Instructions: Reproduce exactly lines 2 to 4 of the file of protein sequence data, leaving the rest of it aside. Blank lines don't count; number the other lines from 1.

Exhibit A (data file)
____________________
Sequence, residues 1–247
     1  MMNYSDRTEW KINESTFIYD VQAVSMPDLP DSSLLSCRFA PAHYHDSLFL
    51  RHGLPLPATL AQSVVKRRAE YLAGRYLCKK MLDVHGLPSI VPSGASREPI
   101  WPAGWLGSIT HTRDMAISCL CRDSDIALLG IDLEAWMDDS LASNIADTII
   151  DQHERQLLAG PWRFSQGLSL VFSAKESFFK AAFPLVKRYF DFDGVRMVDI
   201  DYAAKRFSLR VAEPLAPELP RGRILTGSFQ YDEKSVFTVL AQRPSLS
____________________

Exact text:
     1  MMNYSDRTEW KINESTFIYD VQAVSMPDLP DSSLLSCRFA PAHYHDSLFL
    51  RHGLPLPATL AQSVVKRRAE YLAGRYLCKK MLDVHGLPSI VPSGASREPI
   101  WPAGWLGSIT HTRDMAISCL CRDSDIALLG IDLEAWMDDS LASNIADTII